The Best Zombie Movies on Netflix

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The Best Zombie Movies on Netflix

With the programming slate at major streamers constantly in flux, you never know what films will be available at any given time—even the undead won’t stay in one place! When we previously edited this list of zombie films available on Netflix, the service could boast quite a few that are no longer around, from 1980s gore classic Re-Animator to modern gems like Pontypool and Wyrmwood: Road of the Dead. Sadly, those are all gone now, but they’ve been replaced by a few suitable features, which range from animated movies (Scooby Doo on Zombie Island) to Netflix originals, (Cargo) to foreign show-stealers (Train to Busan, whose sequel is finally approaching).

Of note is the odd fact that in this particular moment, Netflix arguably has even more quality zombie TV in its library than it does feature films, including the likes of Kingdom, Z Nation, iZombie, Dead Set, Black Summer, The Santa Clarita Diet, and of course, The Walking Dead. You won’t find them on this list of films, but they’re a logical next step to hit when you move through these titles.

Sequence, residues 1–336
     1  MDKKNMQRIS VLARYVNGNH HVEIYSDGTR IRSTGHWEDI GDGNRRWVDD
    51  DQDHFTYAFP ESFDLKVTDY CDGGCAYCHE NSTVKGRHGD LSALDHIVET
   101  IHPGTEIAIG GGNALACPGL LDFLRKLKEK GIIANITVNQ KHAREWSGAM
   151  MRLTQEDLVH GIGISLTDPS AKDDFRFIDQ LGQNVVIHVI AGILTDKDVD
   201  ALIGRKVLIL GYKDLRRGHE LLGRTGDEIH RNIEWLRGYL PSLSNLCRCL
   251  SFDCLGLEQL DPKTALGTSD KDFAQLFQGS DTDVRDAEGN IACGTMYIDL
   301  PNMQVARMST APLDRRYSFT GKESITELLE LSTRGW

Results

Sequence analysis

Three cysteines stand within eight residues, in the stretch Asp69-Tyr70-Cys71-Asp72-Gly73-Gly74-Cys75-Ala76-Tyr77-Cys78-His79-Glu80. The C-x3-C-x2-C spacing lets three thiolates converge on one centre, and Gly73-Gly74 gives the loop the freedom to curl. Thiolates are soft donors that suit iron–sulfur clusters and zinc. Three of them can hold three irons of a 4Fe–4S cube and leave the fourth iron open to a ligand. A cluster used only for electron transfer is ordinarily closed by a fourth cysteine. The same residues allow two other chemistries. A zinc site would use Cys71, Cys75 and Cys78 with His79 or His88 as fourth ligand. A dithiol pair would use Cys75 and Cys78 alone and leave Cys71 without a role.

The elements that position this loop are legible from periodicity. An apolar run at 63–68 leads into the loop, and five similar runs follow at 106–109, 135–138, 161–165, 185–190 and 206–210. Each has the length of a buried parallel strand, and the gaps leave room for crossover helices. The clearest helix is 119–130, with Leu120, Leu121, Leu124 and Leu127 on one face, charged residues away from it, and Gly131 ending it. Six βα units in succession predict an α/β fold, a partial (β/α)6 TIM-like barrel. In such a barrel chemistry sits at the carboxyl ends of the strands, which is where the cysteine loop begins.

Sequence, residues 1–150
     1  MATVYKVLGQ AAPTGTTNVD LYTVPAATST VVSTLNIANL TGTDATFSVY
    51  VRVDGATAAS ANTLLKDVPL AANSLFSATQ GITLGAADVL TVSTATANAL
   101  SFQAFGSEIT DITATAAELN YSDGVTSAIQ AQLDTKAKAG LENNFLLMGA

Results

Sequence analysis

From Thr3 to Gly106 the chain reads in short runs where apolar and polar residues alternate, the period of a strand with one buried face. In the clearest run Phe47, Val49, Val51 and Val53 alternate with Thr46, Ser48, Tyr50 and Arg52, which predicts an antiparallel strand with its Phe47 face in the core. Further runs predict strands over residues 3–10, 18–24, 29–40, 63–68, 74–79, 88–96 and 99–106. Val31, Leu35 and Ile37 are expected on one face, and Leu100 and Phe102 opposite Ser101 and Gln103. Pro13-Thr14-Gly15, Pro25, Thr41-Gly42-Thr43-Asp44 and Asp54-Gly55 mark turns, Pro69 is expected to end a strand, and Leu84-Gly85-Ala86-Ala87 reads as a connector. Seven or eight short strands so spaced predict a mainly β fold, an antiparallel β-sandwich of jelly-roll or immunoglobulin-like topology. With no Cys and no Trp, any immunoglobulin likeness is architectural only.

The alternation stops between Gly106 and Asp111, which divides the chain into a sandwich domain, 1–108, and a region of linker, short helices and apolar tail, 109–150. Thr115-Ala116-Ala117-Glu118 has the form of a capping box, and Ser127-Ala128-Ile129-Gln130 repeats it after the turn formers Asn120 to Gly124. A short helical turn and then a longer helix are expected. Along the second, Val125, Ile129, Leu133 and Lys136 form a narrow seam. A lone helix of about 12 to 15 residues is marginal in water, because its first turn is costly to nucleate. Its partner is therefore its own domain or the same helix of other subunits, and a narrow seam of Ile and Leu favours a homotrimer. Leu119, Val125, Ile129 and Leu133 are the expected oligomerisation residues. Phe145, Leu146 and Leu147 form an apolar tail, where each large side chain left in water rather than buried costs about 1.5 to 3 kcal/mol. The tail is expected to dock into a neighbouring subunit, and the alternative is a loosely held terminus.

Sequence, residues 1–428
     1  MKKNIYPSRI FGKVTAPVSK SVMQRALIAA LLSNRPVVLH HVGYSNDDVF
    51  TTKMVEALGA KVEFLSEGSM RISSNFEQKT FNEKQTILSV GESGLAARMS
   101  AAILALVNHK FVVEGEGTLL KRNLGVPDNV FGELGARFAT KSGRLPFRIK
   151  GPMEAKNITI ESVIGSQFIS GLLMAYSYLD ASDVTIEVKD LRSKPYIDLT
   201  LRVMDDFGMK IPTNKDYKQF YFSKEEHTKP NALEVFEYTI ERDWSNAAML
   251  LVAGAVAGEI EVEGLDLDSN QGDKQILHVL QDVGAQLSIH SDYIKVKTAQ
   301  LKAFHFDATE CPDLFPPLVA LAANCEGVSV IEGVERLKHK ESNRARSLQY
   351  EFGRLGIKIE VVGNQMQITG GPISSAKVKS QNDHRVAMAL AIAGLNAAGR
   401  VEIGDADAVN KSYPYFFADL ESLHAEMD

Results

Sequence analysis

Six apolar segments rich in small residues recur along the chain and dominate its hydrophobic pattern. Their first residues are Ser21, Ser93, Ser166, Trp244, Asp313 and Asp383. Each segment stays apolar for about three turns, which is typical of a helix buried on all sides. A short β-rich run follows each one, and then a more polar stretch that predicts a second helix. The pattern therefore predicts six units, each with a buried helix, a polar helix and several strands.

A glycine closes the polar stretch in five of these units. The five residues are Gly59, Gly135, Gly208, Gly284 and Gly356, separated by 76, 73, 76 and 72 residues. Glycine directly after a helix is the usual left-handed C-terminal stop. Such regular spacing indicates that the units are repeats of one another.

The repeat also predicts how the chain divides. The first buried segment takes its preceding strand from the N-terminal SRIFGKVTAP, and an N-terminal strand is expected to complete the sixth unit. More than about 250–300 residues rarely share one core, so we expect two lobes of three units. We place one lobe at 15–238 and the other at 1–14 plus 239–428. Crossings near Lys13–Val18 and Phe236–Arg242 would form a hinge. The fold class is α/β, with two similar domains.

5. Life After Beth

life after beth poster (Custom).jpg Year: 2014
Director: Jeff Baena
Stars: Aubrey Plaza, Dane DeHaan, Molly Shannon, Cheryl Hines, Paul Reiser, Matthew Gray Gubler, John C. Reilly
Rating: R
Runtime: 89 minutes

Watch on Netflix

Life After Beth is a story of life and love lost and found, starring Aubrey Plaza and Dane DeHaan in a more cellular interpretation of star-crossed lovers. DeHaan plays Zach Orfman, a young man beside himself with grief after the death of his, girlfriend Beth Slocum (Plaza), and for whom her parents (Molly Shannon and John C. Reilly) are his only sources of comfort. Not long after her funeral, he starts to notice some unusual occurrences around town—strange things are afoot at the Circle-K—and Zach discovers that Beth has risen from the grave. His initial reservations about her resurrection are quickly subdued by his tunnel vision of love. But soon he finds she’s not the same as when she left. —Melissa Weller